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First cousins
Parsis: Zoroastrians in India
>>> See photo essay

Sharene Azimi
November 15, 2004

Before Mohammad, before Jesus, even before Abraham, there was Zarathustra and his followers -- the first monotheists. After founding the Persian Empire in the fifth century B.C., the Zoroastrians fell to the Greeks at Takht-e-Jamshid (Persepolis), only to rise again under the Sassanian dynasty and to fall, again, to the Arab invaders of the seventh century A.D. Many of those who refused to convert to Islam found their way to Gujarat, in India, where the Hindu rulers allowed them to establish fire temples and practice their religion in peace.

Today the descendents of these exiles, the Parsis, may be fading into history. Numbering 100,000 worldwide, mostly in densely populated India, Parsis are a people whose deaths outpace their births. Because of their fusion of race and religion -- evidenced by a tendency to intermarry and a reluctance to convert anyone to Zorastrianism -- they are facing a critical juncture in their three-thousand-year evolution: change or die.

Fueled by a sense of urgency as well as admiration for her community, the screenwriter and photographer Sooni Taraporevala spent nearly 25 years documenting the faces, feasts, and faith of her culture. As she writes in the introduction to her new book, Parsis: The Zoroastrians of India -- A Photographic Journey, "This book has its genesis in that childhood desire to hold on tight to what is precious, not allow it to change or disappear. For me photography has always been a form of magic. Photographs freeze time and survive death."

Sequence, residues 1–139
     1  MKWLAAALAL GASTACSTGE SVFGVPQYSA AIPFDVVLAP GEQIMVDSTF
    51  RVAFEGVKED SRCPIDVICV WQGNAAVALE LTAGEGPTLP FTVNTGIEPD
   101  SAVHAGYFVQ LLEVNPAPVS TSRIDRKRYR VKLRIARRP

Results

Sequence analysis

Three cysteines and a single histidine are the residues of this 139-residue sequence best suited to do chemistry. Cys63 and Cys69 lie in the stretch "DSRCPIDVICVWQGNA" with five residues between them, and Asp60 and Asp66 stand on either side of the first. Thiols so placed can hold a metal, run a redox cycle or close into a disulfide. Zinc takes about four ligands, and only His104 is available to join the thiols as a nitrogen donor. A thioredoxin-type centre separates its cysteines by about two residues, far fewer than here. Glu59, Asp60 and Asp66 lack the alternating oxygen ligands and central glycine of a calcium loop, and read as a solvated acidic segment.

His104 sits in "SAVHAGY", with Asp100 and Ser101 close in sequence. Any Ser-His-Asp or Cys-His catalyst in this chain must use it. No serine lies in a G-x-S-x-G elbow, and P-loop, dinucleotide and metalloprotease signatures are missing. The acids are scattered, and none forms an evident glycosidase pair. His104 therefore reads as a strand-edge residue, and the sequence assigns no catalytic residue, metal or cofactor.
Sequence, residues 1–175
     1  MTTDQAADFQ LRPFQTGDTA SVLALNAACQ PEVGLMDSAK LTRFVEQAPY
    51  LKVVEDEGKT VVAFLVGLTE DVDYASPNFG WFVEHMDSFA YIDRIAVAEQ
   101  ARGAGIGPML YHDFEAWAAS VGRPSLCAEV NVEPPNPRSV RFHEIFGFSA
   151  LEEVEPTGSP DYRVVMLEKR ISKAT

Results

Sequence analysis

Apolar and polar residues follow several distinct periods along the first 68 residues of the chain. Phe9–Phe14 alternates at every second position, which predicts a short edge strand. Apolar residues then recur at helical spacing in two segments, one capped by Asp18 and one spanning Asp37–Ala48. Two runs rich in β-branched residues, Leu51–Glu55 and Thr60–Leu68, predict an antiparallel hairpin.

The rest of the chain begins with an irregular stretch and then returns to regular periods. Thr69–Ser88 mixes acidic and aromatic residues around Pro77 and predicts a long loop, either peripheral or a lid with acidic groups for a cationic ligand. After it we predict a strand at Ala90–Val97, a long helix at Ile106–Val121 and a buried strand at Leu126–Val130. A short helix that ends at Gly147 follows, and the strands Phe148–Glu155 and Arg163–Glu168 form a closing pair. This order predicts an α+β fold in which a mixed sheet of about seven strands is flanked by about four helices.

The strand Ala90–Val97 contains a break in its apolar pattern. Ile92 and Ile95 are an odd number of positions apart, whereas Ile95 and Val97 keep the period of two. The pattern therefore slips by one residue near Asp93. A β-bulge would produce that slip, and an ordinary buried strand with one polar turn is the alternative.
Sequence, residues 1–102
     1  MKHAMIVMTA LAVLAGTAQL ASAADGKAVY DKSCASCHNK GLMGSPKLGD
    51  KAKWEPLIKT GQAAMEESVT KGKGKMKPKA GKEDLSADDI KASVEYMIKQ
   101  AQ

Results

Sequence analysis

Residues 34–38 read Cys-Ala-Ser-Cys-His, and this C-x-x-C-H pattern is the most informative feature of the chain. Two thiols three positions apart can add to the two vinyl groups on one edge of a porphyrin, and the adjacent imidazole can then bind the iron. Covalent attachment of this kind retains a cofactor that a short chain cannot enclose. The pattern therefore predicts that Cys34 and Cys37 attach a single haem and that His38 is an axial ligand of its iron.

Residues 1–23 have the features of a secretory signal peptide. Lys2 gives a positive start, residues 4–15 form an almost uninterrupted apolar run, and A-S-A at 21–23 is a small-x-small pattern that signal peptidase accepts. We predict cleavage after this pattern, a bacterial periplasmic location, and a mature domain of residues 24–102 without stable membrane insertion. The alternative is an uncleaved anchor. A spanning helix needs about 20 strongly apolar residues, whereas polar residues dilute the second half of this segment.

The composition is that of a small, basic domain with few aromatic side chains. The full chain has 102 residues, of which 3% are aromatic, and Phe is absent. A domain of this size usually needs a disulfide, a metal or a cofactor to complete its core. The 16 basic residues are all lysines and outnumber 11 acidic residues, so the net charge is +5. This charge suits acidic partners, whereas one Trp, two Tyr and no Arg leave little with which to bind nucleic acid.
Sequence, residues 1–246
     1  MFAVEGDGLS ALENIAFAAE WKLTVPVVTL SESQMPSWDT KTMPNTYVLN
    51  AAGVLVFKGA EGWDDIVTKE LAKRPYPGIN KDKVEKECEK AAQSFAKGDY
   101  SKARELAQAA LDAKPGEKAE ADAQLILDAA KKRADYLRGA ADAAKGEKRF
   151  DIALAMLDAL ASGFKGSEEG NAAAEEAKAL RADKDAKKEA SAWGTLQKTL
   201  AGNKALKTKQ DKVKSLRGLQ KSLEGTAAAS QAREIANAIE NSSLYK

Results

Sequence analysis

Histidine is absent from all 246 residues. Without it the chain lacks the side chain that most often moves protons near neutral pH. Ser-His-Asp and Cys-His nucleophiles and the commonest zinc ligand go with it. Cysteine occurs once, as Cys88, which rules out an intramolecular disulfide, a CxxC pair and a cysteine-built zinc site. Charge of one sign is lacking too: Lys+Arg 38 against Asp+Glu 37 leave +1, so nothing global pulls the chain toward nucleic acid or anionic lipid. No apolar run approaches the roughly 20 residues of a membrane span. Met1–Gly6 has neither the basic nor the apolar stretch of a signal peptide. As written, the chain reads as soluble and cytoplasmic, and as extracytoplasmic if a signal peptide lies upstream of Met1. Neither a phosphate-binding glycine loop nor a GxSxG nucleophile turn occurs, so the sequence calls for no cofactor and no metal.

The journey itself was not straightforward for Taraporevala. The screenwriter of the acclaimed films Salaam Bombay and Mississippi Masala, directed by her college friend Mira Nair, Taraporevala was unable to find an international publisher for her personal project. After many disappointing rejections, she self-published 5,000 copies of the book in November 2000. With the help of a Bombay businessman -- who distributed copies from his water-delivery trucks -- and some cousins in North America -- who filled orders from their basements -- the first edition sold out by the following March. Still, non-Indian publishers considered it too "niche."

By this time, however, Taraporevala had enlisted the help of Tamina Davar, a New York-based publicist who urged her not to self-publish again. In what Taraporevala calls a "last-ditch attempt," she went to the Frankfurt Book Fair in October 2003.

"At the time, it felt completely disheartening," Taraporevala wrote in an e-mail interview. "There were thousands of books on autos, gardens, lifestyles of the rich and famous -- and then there was my book, which was the first of its kind, about a unique community that might get extinct, that seemed unable to find a home."

Her patience was rewarded: Peter Mayer, the publisher of Overlook Press, offered to buy the book at the fair. Last month, Overlook released the new edition.

"The satisfaction I got when the book was finally published can't compare to anything else I've done. The book has been a much longer journey -- over 25 years. It's very personal, close to my heart. I made it for my children."